Monday, 6 December 2010

Riding high

Inspired by a trip to Hilliers last February and wanting to develop further creative ideas for Winter gardens I have planned and planted a large border high on winter impact for South Riding, the home of my troubled clients wrestling with the demands of a large garden. Would this be a solution to some of their concerns?  I hoped so...

What is it about the way the low winter sun illuminates a silvery bark or coppery stem  that stops you in your tracks? A reminder of warmer days perhaps or is just the simplicity of paring down nature to its barest essentials? Like a spotlight on a stage highlighting the main character.  All I know is I was loving playing and positioning a fabulous collection of plants high on winter interest.

Cliched or not, there is no beating the bleached white stems of Betula utilis jacquemontii. So building upon this my winning combo is definitely Cornus alba Kesselringii , Cornus sanguinea Midwinter Fire, Cornus alba sib. Baton Rouge with their stark vertical stems in deep black, vivid red or fiery orange. Stately Miscanthus Malepartus will stand until Spring with their feathery awns catching light and mist.  Close to, the bleached mop top heads of a mass grouping of Deschampsia Goldtau lend a simple low matt contrast.

My absolute favourite plant, Libertia peregrinans and Libertia Taupo Gold, lend further vertical accents and wonderful evergreen colour combinations. Then for sheer drama  I have placed at the front of the border Black Ophiopogon with white hellebores behind.  White snowdrops will complete the picture, peeking through in January.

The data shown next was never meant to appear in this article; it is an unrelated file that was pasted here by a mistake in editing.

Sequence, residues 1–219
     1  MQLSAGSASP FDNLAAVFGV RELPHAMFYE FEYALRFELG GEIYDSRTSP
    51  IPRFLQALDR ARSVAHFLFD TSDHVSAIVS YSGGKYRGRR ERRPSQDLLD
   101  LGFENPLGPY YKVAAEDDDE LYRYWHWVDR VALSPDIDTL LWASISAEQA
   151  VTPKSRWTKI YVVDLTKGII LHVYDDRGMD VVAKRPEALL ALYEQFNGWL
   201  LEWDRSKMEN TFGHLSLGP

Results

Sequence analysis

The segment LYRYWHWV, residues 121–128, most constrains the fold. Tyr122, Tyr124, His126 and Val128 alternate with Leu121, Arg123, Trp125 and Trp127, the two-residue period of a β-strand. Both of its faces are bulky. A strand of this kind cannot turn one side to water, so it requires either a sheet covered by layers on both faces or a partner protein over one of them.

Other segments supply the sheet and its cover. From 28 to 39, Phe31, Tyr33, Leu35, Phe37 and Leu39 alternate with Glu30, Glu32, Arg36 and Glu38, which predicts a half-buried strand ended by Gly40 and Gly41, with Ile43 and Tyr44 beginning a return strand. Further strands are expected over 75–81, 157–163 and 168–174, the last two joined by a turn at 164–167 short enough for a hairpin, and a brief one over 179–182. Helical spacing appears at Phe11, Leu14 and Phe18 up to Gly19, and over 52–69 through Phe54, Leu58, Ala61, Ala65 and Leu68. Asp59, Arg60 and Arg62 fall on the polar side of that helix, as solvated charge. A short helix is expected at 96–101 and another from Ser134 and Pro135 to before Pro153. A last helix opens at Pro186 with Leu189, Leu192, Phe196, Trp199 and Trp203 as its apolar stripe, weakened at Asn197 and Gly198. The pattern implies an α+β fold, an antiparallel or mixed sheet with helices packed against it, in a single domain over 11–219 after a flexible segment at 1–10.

Looking for a simple, under-statement at the feet of the Birches I was encouraged to try the plain green Ophiopogon planiscapus by experienced Nurseryman, David at Fromefield Nurseries. He was spot on when it came to this choice as the bright emerald green of these little fat stemmed plants gave me exactly the contrast I was looking for. Planted in a sinuating river-effect they draw the eye through the planting.

A heavy snow fall last night on this newly planted winter garden should test the theory. Meanwhile, I am confident that an exciting winter planting, coupled later next year with additional late summer perennials and grasses will really make this well-loved garden take a revitalised turn and continue to inspire its hard-working owners.


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